Fort Gorgast        

Gorgast, Germany                
Fort Gorgast was built from 1883 to 1889 as part of the extended fortifications of Kostrzyn, a city that sits at the confluence of the Oder and Warta Rivers and was, at the time, the largest railway hub in Prussia. Gorgast was one of four forts built to buttress Kostrzyn's defenses (the others being Saepzig, Tschernow and Zorndorf) in Germany's modernization spurt after the Franco-Prussian War (1870-1871).

France had occupied Kosterzyn during the Napoleonic Wars (1803-1815), burning the town on their way out in 1814: It was due to this memory, plus German fears of a Franco-Russian alliance, that Kosterzyn was so heavily fortified at the end of the 19th century. Fort Gorgast was designed to control the west bank of the Oder with a garrison of 310 (up to 250 soldiers and 60 artillerymen), preventing hostile approach from the east. An artesian well within the fort was a ready supply of water for the garrison, and remains operable today. Fort Gorgast was already relatively obsolete by the time of its completion, military technology and strategy having outstripped its construction, but was successfully used as a depot and barracks.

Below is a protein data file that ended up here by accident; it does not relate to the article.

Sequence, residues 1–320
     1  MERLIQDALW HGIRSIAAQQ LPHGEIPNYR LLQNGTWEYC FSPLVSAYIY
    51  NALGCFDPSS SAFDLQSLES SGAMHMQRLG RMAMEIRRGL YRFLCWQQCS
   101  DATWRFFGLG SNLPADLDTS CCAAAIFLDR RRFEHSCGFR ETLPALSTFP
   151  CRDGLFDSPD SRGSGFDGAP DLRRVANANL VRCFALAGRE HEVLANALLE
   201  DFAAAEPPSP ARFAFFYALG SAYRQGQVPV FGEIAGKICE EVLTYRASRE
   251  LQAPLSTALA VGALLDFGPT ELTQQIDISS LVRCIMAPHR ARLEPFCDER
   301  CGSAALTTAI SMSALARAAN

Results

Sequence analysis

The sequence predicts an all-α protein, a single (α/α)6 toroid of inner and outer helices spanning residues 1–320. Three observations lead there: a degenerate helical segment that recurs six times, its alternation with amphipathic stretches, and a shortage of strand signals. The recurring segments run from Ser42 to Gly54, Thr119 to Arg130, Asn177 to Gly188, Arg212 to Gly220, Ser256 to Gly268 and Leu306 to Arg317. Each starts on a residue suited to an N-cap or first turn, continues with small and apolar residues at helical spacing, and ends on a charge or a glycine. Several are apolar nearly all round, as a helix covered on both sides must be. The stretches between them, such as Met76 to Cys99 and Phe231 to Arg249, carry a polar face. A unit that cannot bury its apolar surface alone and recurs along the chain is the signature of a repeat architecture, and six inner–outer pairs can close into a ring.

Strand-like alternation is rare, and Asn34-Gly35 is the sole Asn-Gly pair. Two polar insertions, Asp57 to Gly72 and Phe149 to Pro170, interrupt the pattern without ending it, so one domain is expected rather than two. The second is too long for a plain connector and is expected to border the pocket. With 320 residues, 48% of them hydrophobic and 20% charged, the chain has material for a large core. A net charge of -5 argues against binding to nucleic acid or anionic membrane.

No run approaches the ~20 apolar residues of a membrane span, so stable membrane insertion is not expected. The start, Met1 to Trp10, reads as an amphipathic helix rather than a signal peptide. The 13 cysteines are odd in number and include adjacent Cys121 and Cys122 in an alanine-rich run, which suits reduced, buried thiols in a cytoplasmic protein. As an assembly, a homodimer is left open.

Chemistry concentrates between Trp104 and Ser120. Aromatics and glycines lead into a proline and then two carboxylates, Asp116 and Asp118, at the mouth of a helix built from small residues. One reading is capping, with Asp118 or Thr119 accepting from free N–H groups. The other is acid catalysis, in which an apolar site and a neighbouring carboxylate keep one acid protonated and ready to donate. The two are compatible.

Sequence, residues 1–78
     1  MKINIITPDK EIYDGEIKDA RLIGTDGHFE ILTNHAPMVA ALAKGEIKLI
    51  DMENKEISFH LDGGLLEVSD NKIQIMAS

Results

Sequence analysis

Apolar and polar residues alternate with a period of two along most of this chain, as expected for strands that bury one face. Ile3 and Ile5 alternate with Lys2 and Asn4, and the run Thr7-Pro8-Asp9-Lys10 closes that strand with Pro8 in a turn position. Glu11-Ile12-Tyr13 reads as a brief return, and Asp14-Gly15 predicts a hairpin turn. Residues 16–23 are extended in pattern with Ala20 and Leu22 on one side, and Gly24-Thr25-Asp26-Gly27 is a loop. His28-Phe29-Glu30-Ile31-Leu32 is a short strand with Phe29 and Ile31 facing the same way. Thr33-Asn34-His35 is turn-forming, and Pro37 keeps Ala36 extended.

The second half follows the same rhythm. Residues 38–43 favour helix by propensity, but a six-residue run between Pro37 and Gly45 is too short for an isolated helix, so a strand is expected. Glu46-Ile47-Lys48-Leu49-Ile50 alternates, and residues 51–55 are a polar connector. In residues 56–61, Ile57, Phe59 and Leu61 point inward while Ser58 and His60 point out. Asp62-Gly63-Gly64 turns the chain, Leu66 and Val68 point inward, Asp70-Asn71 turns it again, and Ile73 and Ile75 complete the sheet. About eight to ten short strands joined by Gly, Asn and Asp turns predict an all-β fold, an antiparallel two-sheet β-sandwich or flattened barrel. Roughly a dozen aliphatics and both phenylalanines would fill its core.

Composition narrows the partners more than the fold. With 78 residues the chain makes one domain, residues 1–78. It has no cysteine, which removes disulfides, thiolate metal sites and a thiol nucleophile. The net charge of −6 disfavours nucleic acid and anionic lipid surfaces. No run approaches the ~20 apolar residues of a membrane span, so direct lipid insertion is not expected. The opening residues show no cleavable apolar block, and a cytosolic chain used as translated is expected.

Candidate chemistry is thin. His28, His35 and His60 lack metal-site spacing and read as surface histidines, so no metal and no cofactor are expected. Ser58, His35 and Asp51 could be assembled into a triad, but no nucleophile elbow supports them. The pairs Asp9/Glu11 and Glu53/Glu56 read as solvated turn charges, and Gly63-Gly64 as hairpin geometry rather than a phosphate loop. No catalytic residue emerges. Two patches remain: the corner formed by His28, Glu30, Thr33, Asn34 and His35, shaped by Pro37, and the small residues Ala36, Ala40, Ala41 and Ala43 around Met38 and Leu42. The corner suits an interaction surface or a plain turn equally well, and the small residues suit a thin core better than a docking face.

Fort Gorgast escaped any damage from the First World War (1914-1918). Poland, having been partitioned, reconstituted and partitioned again through the 18th and 19th centuries, was finally made whole again as the 13th of US President Woodrow Wilson (1856-1924)'s Fourteen Points demanded. The German city of Kuestrin suddenly found itself called Kostrzyn, and on the Polish side of the border.

Fort Gorgast also escaped major damage during the Second World War (1939-1945), even though Kostrzyn had the snot bombed out of it by the allies: 95% of Kostrzyn's buildings were flattened during the second war to end all wars. Fort Gorgast was in use as an auxilliary hospital when the Red Army rolled into the area in 1945. The Soviets shot it up a little and destroyed random parts of the fort with explosives, then calmed down and occupied it.

The Soviets turned Fort Gorgast over to the newly (and joylessly) formed DDR shortly after the war. The German Commies used the fort as an ammunition depot, a place for the collection and disabling of the great piles of live ordnance left sprinkled around the countryside from the Battle of Seelow Heights (April 16-19 1945), in which the Red Army ploughed its way through the last German defenses protecting Berlin. One may note that the city of Kosterzyn now resides in Poland,

Following the reunification of Germany on May 18 1990, the city of Gorgast gained ownership of the fort, and today the Fort Gorgast Association maintains it. The fort is the site of a museum, and regularly holds cultural meetings, festivals and exhibitions. Fort Gorgast is open to the public year 'round.

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Fort Gorgast?
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Thanks to Google Maps for the image!